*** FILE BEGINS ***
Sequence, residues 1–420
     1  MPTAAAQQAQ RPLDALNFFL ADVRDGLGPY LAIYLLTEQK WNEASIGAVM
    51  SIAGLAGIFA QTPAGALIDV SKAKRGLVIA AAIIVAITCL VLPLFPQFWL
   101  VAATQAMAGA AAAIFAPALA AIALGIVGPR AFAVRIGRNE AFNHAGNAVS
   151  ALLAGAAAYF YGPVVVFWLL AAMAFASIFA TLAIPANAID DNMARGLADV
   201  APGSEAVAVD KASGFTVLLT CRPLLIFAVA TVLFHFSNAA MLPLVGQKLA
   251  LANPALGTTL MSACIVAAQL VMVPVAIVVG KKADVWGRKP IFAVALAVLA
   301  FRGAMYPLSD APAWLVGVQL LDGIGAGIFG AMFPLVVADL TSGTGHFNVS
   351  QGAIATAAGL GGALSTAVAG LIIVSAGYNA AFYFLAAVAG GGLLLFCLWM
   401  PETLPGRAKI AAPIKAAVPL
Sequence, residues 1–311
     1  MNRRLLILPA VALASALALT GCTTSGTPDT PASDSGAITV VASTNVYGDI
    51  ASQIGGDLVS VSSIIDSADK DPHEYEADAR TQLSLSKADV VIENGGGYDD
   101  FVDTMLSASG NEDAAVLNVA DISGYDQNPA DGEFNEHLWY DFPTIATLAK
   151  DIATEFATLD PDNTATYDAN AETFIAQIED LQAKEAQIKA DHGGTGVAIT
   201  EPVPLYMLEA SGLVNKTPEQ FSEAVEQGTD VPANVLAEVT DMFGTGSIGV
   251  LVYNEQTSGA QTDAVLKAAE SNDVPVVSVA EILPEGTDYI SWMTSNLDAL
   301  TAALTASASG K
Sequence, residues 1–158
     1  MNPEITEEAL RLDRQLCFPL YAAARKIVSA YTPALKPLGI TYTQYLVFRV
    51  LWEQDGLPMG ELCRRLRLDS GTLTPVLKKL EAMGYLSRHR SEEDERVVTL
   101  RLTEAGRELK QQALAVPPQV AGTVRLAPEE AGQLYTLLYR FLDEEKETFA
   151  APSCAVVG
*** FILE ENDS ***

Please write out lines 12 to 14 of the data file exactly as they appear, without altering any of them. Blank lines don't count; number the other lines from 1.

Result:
     1  MNRRLLILPA VALASALALT GCTTSGTPDT PASDSGAITV VASTNVYGDI
    51  ASQIGGDLVS VSSIIDSADK DPHEYEADAR TQLSLSKADV VIENGGGYDD
   101  FVDTMLSASG NEDAAVLNVA DISGYDQNPA DGEFNEHLWY DFPTIATLAK